For the past two years, we've been growing hops. Our intention is to use our own hops for flavoring home-brewed beer.
We started with twiggy rhizomes, ordered from The Thyme Garden. It really is hard to imagine how huge these unassuming things proto-plants become.
We had read that we would not see much in the way of growth on our first year, but this was a filthy lie.
Last year, the hops almost engulfed our garage. It was comical to see the rate of growth. Robb kept having to add on more structures for the continued growth.
This time around, Robb built an improved system on which to grow the hops, involving good support, and rather shaggy ropes.
The plants grew at markedly different rate, and back in September, we harvested our first hops, from the Sterling plant.
The hop cones were still green, but had dried enough to harvest.
If you read much about hop-growing, or if you lurk around living history museums, you'll come across the much reported "fact" that traditional hop harvesting involved jumping up and down on the dried cones. This, we are told, is the origin of the word describing an informal dance or "hop." I can tell you from experience that there's some merit to this idea. Late season hop plants are just crawling with spiders. And if there's any activity that would inspire jumping up and down, it's the act of repeatedly and blindly shoving one's hand into a spider-riddled thicket. If I hadn't been balancing on a ladder, I would certainly have been doing my version of the spider dance.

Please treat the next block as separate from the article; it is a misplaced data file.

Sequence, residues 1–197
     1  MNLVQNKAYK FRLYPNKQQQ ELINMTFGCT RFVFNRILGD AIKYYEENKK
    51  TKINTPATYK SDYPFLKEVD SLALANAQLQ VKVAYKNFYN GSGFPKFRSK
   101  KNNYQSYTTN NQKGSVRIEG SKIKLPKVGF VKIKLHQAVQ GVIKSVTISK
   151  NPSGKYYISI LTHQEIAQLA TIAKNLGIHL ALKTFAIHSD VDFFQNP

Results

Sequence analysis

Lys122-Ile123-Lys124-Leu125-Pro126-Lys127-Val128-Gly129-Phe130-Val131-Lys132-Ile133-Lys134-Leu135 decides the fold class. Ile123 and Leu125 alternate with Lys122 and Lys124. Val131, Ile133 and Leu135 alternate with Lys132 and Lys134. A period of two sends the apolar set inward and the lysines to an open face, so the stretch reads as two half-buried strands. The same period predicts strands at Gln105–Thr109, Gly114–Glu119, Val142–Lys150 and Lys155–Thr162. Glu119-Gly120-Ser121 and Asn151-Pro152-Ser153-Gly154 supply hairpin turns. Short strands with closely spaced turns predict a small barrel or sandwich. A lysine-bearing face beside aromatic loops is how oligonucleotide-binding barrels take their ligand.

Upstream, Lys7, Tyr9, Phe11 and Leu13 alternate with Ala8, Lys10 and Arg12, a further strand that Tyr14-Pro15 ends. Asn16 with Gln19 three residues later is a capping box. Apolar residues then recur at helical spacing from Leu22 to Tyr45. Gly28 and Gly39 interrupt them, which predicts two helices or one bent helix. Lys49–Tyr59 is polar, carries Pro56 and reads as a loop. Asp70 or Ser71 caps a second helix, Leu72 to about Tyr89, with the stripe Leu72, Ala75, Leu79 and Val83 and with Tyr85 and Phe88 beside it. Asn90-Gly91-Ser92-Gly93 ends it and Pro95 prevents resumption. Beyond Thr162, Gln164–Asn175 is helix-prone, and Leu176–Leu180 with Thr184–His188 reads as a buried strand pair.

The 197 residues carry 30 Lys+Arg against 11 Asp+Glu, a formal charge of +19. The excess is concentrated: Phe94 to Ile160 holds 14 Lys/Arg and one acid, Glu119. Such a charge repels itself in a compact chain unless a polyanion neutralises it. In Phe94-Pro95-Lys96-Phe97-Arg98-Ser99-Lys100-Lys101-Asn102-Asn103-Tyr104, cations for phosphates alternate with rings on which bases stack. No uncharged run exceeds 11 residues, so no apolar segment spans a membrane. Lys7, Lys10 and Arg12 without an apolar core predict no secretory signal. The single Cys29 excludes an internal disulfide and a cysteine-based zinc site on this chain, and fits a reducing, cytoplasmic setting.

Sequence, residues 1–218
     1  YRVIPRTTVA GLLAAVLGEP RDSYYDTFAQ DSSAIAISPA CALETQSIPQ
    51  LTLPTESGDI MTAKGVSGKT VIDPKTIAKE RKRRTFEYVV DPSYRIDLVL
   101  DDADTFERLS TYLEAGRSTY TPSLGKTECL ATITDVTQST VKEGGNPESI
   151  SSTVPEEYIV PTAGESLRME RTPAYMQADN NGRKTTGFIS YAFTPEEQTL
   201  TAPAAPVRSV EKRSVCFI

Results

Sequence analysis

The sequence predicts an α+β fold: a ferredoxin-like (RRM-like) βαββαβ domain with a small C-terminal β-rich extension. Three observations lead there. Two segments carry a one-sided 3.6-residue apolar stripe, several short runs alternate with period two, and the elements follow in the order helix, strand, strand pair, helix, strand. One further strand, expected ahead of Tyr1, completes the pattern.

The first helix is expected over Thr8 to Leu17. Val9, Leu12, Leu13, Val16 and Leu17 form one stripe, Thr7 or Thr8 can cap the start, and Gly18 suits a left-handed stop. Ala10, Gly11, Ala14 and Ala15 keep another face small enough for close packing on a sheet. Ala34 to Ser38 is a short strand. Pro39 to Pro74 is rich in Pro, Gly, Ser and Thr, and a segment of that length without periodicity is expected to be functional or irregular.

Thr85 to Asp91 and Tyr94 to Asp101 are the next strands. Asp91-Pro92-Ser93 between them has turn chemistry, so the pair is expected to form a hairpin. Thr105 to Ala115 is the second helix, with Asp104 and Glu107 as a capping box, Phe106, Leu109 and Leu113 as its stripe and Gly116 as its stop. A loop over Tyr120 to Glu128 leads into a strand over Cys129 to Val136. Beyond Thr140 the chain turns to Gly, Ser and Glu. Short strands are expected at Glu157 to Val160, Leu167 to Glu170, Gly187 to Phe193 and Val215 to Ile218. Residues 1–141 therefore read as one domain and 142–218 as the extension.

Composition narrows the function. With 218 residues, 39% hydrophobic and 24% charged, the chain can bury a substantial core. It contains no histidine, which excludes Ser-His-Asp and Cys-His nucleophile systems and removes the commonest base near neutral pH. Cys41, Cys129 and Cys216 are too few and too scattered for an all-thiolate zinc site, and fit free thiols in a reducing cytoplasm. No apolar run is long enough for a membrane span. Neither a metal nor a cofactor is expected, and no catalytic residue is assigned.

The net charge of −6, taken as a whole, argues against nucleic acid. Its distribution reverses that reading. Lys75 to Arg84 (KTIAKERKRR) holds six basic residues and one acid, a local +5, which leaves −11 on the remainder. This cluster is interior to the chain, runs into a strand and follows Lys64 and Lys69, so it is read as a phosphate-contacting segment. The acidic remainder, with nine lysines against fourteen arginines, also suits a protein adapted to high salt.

Quite typically, I started the hop harvest late in the day, without any real plan for what to do with the cones once I'd gotten them. So I parked them in our laundry room overnight.
The next morning, the bowls containing the hop cones were swarming with aphids. Apparently these aphids had been deep inside the crevices of the cones, but once the cones were disconnected from their juicy stems, the aphids went on the prowl. It was really disgusting. Quite by accident, I discovered that the aphids were attracted to the broken ends of hop leaves. So we covered the bowls with hop leaves, which we used as aphid traps. We kept swapping out leaves until there weren't any more aphids on them.
Turns out that hop aphids overwinter on plum trees. Great. We've got both hops and plums, which means we're creating quite a nursery for these creatures. Since we garden organically, we're not really sure how to deal with the aphids.
Extra protein in the beer, right?
(How many of our blog readers remember the urban legend about the percentage of insect parts permitted in Fig Newton cookies? I can't stop thinking about that...)
A month later, we harvested the rest of the hops. By this time, the cones had dried out, and while there were still zillions of spiders, but the aphids had moved on.
Around here, October is Spider Season, which makes me think about the connection between spider imagery and Hallowe'en. I assume that anyone with a genuine connection to the growing seasons would immediately associate spiders with the harvest-time. The rest of us have lost this thread, and just think about spiders as being generically "spooky."
Unfortunately, the aphids had been replaced with snails.
I'm really, really sick of fighting snails in my garden. From everything I've read, I believe that these creatures were imported from France as a luxury food, during the Gold Rush. They're a nightmare, reducing much of my garden to tatters on a regular basis.
I think that waiting for the cones to dry might be the way to go, in our garden. We literally don't see rain all summer long, so allowing the cones to dry on the plants isn't too much of a risk.
Sure beats fishing aphids out of the brew-pot!